Marine Science Chapters


Killer Whales

Orcinus orca

by Genny Anderson, Biological Sciences Department, Santa Barbara City College
Orcinus orca, commonly called the killer whale, is a member of the group of mammals called cetaceans. The cetaceans are often referred to as "whales" but are really two separate groups - the toothed whales (called the Odontoceti) and the baleen whales (called the Mysticeti). The toothed whales include the sperm whale and the killerwhale, plus all of the dolphins, porpoises, and other species of cetaceans that have teeth.

I salute the naturalist/artist Kelley Balcomb-Bartok who has spent the majority of his life studying the southern community of resident killer whales in the San Juan Islands, Washington State, USA. His father, Kenneth Balcomb, is a prominent whale researcher and was one of the scientists who started the 1976 killer whale research in the San Juan Islands. Kelley was just a young boy when the research began but has been an integral part of it for all these years. He lives and works out of his home on the western side of San Juan Island. Kelley is a trained artist and has created numerous works of art that aid in the dissemination of information relative to the killer whales of the southern community. The picture, below, is Kelley's killer whale mural painted on The Whale Museum at Friday Harbor, San Juan Island, Washington (my husband, and myself are standing in front of the mural with Kelley between us). Kelly was the naturalist on an expedition, in June 2001, that was the basis for this website.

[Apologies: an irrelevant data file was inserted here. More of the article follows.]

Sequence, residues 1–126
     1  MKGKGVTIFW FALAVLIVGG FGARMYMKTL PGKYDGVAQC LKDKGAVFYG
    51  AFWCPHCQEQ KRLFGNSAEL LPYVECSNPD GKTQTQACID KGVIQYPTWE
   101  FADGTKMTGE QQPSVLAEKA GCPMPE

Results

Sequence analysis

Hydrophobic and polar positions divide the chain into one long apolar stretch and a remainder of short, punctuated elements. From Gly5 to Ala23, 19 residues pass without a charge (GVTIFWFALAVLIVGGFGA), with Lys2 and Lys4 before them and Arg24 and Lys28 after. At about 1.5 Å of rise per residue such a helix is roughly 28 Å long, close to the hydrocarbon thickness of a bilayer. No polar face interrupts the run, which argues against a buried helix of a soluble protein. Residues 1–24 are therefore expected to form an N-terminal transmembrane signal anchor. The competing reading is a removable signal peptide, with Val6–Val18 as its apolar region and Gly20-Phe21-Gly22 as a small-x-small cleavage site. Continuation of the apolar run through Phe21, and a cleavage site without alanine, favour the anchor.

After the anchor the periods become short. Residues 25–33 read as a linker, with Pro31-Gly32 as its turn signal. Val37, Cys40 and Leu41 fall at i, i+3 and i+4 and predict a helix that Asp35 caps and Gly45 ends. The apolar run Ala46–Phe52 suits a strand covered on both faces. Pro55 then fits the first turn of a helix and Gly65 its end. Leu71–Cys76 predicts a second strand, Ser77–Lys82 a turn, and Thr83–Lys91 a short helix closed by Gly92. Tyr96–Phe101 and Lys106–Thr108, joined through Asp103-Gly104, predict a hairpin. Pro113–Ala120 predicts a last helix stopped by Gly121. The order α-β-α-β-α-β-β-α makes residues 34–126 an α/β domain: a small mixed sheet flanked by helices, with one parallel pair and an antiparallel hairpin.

Kelley Balcomb-Bartok, whale naturalist and artist flanked by my husband and myself under Kelly's killer whale muralIntroduction to the Killer Whale

Body Form of the Killer Whale

Feeding of the Killer Whale

Reproduction of the Killer Whale

Outlook for the Killer Whale

 Copyright and Credits
(Revised 6 August 2007)
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